Gov. Eric Greitens celebrated last week when Attorney General Josh Hawley cleared his office of wrongdoing over its use of a secret text messaging app.
But two St. Louis attorneys who sued Greitens last year claiming he and his staff were using the app to circumvent Missouri’s open records law say the attorney general’s investigation actually strengthened their case.
The Star uncovered in December that Greitens and several members of his senior staff were using Confide, an app that automatically destroys messages after the recipient has read them. The revelation raised red flags for transparency advocates who worried the app was being used to circumvent the state’s Sunshine Law and conduct government business without leaving a paper trail.
Shortly after The Star’s report, Hawley’s office launched an investigation. It concluded last week with the attorney general determining that there was no evidence of wrongdoing, in part because investigators could not find evidence.
Sign Up and Save
Get six months of free digital access to The Kansas City Star
Five members of the governor’s staff who were interviewed by the attorney general’s office said they did use Confide to discuss their government jobs, but described the nature of their Confide communications as consisting entirely of non-substantive matters such as logistics and scheduling.
In Sunshine Law investigations, the attorney general's office does not have subpoena power, and the governor's staff was not under oath when they were interviewed.
The governor was not interviewed as part of the inquiry because his office has asserted executive privilege.
In a new filing in Cole County Circuit Court, the attorneys suing Greitens contend that by admitting to the attorney general’s investigators that they used the app for public business, the governor’s office can no longer argue that the case has no merit or should be dismissed.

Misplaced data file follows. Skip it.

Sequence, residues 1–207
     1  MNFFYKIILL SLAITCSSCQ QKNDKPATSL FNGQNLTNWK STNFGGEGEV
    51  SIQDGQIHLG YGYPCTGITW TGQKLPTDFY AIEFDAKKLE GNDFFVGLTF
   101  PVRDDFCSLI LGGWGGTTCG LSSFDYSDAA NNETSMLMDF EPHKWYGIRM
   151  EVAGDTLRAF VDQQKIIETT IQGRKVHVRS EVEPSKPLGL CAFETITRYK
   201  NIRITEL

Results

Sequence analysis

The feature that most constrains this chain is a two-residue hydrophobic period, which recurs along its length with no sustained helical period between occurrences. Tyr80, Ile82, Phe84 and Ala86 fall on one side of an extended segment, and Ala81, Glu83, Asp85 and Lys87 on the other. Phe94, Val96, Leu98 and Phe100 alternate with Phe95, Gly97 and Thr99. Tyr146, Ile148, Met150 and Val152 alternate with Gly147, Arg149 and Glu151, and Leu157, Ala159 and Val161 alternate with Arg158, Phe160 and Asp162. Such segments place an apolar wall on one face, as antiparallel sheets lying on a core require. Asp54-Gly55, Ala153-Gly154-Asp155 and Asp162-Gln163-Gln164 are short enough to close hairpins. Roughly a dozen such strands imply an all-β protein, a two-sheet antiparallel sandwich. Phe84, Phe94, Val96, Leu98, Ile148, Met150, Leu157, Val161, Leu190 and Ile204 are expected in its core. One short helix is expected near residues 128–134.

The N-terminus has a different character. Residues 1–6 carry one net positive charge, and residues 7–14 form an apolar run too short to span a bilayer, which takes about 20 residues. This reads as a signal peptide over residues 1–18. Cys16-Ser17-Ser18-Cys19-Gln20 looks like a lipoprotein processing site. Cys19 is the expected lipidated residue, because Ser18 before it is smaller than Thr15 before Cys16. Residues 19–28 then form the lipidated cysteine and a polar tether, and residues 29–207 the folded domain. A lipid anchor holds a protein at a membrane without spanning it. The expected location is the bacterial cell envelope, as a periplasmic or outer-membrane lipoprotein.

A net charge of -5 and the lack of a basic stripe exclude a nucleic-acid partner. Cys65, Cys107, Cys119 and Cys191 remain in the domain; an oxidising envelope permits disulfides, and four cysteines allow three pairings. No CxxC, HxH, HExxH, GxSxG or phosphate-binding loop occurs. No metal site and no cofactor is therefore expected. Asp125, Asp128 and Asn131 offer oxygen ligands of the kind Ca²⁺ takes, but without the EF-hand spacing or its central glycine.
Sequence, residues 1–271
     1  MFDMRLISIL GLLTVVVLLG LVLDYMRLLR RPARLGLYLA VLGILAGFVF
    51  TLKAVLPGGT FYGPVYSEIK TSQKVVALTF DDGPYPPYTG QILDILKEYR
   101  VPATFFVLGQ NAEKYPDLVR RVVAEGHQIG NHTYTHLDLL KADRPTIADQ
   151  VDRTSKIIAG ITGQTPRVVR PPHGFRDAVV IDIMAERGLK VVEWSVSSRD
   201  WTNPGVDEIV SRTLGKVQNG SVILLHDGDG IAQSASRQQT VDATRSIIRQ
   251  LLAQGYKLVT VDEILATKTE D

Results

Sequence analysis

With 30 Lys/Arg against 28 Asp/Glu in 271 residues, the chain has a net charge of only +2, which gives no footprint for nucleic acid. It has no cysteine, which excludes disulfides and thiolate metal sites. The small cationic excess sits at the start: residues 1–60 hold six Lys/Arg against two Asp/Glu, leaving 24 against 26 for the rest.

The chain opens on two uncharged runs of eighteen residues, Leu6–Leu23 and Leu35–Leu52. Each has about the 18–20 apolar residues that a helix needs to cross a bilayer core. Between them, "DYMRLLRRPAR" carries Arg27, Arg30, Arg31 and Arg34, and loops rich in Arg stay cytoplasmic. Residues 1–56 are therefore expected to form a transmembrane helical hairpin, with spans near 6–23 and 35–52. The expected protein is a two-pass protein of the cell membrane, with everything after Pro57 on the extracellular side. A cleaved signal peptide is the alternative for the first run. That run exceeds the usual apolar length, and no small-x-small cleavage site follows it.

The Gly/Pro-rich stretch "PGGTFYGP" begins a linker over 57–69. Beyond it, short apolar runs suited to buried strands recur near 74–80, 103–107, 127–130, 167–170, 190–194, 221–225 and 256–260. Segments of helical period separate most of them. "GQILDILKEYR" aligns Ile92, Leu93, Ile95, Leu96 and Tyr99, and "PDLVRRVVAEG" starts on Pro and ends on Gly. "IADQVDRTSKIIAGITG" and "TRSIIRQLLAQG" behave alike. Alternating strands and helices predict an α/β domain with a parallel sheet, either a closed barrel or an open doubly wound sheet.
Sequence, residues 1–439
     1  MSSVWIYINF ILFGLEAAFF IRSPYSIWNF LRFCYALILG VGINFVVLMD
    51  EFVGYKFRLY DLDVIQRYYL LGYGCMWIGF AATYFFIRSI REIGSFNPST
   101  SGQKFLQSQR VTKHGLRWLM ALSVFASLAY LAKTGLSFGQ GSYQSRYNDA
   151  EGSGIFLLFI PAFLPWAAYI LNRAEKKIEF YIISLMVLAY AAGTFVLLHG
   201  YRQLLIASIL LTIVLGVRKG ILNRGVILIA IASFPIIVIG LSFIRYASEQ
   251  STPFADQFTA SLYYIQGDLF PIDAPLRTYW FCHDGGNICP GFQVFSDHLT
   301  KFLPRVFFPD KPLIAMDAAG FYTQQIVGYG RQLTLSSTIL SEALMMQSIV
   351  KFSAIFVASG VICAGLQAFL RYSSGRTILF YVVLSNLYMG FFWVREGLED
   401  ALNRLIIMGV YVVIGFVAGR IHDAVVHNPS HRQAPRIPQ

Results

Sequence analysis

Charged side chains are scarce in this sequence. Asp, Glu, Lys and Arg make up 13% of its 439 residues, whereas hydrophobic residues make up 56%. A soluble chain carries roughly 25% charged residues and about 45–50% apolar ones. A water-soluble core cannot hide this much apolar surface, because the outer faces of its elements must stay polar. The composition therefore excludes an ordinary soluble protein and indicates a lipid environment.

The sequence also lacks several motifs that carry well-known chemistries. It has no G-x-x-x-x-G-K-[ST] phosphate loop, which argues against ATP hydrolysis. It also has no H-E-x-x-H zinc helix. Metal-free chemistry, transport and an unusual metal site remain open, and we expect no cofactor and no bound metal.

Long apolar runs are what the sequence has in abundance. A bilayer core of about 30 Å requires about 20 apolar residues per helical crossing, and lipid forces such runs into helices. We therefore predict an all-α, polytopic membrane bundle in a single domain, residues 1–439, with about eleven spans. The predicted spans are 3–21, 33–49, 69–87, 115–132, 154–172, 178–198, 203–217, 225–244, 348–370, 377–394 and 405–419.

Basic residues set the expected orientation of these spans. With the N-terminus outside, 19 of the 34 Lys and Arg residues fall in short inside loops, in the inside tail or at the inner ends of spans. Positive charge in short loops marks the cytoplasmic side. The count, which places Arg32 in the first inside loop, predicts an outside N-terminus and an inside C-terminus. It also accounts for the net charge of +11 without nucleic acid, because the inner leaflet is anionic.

“We've learned in the past few days that the Office of Governor, and at least five high level staff members, systematically destroyed communications about public business,” Mark Pedroli, one of the attorneys, said in an email to The Star. “This is a serious and significant problem. Missouri judges have never ruled that documents, emails or text messages about government business can be immediately destroyed after they are sent or received.”
Greitens’ attorneys did not respond to a request for comment Thursday.
But during a hearing before Cole County Circuit Judge Jon Beetem last month, Greitens’ attorneys said no evidence has been produced that anyone in the governor’s office was using Confide to conduct public business. The lawsuit, they said, was based entirely on The Star’s reporting.
“There has been no independent factual investigation, and they have no facts other than what was reported in media reports,” Gabriel Gore, a St. Louis attorney hired by Greitens to defend him in the lawsuit, said in court last month.
Pedroli said the governor’s argument is no longer valid.
“Wrongdoing thrives in secrecy,” Pedroli said. “Our state law, to the contrary, demands communications about public business be retained and available. The law is nonnegotiable.”
Pedroli said the explanation that the governor’s staff used the self-destructing text messaging app only for scheduling and logistical matters was absurd.
“Who goes out their way to immediately shred their logistical and scheduling communications, when these are precisely the communications organizations rely on to function.” he said. “They would be missing meetings and showing up late everyday saying, ‘sorry I scheduled this on Confide.’ The absurdity of this excuse is apparent to most people.”